By Kathy Widenhouse, award-winning content writer and author who specializes in writing for nonprofits and faith-based organizations.
The power of because: this seemingly innocuous word is the poster child for persuasive writing.
You may mistakenly think that “because” is forceful or pushy. Or it is too simple to make much of a difference. Not so!
The word “because” is so powerful for one simple reason. It explains why.
Why does giving a reason make a difference in persuading readers?
Because people resist change. They keep doing what they normally do unless you give them a reason to do something different.
By using “because,” you give them that reason.
What is especially interesting is that the reason you give doesn’t matter all that much. (Of course, if you’re a good writer you’ll give a compelling reason. More on that in a minute.)
A well-known 1978 study by Harvard psychology professor Ellen Langer demonstrates the “power of because.” The research data was gathered at a busy college campus copy center back in the day when copies were made at a Xerox machine rather than by a personal printer. The center was notorious for its perpetual waiting line.
Study participants asked those waiting in line one of three of these carefully-worded questions. Notice the percentage of positive responses to each one.
Using the word “because” and giving a reason produces a significantly higher positive response in persuading people to do something than when there was no “because” and no reason – even when the reason is not compelling, as in “because I need to make copies.”
Bottom line: people respond when you give them an explanation or a reason why.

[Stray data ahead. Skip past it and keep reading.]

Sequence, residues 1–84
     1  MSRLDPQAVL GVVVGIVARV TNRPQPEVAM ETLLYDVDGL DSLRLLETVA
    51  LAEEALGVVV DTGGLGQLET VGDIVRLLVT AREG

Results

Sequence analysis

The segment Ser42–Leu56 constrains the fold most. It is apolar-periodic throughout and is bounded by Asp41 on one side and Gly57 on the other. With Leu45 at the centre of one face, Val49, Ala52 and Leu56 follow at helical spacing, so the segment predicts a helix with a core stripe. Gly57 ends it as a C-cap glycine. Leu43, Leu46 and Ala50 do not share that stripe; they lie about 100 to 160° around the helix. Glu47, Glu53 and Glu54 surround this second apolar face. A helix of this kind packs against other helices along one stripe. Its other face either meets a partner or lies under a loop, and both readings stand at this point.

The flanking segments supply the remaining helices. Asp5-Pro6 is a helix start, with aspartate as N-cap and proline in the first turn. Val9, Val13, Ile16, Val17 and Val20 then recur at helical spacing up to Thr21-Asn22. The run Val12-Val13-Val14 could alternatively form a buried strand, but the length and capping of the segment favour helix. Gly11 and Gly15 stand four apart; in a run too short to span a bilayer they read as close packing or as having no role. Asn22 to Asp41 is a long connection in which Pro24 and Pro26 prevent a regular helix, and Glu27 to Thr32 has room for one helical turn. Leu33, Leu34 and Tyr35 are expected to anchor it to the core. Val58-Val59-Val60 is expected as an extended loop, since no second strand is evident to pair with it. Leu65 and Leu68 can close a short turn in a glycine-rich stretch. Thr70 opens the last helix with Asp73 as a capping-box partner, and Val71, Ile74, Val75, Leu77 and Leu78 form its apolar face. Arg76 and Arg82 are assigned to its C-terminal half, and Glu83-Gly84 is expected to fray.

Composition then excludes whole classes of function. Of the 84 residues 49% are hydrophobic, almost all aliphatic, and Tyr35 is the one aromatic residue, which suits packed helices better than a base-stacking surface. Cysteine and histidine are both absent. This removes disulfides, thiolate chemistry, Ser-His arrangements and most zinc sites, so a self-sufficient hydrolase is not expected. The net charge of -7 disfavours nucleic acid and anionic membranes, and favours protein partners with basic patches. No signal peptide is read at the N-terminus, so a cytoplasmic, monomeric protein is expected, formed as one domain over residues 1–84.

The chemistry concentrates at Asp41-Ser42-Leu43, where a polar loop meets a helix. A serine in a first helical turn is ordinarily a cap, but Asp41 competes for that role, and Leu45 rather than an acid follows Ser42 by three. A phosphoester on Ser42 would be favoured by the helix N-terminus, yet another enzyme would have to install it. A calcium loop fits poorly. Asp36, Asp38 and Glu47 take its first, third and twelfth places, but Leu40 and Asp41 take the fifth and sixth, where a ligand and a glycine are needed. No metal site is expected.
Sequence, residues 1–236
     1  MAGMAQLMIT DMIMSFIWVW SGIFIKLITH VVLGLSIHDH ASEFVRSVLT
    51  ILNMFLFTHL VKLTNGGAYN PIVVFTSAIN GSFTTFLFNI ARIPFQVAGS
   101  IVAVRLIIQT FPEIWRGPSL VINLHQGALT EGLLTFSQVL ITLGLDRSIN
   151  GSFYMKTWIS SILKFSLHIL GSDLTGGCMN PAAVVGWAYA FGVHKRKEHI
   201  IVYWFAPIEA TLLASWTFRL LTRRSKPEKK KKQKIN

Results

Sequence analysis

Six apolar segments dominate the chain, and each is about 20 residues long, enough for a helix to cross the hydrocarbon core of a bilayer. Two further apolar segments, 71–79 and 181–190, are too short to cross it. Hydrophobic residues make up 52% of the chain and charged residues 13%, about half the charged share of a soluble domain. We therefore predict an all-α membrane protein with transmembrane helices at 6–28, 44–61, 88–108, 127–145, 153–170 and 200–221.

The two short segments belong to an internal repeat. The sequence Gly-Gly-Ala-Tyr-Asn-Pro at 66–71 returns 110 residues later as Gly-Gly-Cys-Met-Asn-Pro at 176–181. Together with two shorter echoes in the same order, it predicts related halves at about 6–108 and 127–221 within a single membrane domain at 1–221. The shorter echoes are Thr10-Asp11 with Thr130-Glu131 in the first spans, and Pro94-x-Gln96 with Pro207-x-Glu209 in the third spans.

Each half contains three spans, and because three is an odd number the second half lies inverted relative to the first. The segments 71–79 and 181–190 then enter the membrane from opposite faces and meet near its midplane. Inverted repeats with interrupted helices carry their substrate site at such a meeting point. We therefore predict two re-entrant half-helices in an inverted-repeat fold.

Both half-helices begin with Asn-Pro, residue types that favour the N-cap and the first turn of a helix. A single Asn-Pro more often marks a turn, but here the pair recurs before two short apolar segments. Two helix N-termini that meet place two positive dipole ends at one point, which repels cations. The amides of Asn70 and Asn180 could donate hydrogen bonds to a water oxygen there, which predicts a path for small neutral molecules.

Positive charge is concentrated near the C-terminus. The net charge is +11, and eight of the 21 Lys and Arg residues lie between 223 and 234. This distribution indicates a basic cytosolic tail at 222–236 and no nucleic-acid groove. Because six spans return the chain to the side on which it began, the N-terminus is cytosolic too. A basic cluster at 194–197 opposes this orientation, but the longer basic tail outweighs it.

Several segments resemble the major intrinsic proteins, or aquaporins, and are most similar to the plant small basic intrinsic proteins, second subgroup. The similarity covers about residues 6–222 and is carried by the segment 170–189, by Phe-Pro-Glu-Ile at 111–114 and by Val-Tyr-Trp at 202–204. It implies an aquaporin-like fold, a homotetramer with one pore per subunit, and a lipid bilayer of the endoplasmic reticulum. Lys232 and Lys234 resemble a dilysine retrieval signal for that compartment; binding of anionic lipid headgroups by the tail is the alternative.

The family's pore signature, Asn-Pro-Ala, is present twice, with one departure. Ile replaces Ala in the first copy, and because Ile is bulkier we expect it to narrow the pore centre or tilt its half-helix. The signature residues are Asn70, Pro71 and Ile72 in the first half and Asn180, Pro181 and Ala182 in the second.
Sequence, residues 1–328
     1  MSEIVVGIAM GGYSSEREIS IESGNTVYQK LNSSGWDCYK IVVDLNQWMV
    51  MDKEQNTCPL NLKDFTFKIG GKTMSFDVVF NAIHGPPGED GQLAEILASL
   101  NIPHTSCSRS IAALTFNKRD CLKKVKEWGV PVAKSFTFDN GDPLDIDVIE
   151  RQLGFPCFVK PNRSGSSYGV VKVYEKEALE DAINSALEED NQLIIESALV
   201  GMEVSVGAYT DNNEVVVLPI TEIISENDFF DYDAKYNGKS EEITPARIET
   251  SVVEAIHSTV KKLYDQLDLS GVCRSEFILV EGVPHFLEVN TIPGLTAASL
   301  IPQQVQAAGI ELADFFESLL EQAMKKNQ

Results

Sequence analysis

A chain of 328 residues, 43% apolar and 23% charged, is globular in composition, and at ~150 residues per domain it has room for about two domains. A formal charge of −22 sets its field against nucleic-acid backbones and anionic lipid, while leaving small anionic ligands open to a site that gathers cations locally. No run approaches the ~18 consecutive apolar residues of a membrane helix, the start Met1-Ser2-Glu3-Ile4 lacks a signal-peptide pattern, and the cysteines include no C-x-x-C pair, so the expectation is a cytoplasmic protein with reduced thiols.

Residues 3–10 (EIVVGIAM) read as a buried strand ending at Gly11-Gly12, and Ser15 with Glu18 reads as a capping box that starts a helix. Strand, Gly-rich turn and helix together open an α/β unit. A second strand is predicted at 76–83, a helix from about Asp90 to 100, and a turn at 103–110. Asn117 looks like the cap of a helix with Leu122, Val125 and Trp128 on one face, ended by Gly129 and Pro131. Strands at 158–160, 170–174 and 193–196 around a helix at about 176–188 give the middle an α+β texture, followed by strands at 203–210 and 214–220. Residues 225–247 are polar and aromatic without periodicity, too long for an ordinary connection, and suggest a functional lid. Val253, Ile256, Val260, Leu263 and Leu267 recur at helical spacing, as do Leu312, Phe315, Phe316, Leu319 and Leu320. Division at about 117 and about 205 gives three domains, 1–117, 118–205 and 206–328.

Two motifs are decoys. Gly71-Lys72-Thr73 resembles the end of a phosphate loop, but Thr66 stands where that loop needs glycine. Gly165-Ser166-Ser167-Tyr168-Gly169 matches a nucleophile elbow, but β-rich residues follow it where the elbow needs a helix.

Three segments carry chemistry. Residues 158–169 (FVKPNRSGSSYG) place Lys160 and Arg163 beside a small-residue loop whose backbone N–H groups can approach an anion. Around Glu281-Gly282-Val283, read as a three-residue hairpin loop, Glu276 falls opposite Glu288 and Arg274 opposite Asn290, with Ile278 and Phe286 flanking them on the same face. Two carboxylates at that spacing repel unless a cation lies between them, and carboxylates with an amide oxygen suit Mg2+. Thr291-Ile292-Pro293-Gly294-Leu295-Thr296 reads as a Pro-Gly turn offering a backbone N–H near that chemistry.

In writing, use “because” as a connector – to make a statement or a request, followed by an explanation.
Here are a few examples:
Preferably, the reason you give is compelling – one that offers benefits. Compare these examples:
Without “because”: weak
“I hope you’ll give as generously as you can.”
“Because” with one reason: stronger
“I hope you’ll give as generously as you can because these children are counting on you.”
“Because” with compelling benefits: stronger yet
“I hope you’ll give as generously as you can – even $20 will help – because these children have no one. Because they are counting on me and counting on you. Because you have made a difference in the past and the need is greater now than ever before.”
See how it works?
Used together, these two words are even more persuasive than they are on their own: because and you.
If you’re writing to persuade, always try to use because … because it’s a word that gives the reader a reason to say yes.
More Persuasive Writing Tips
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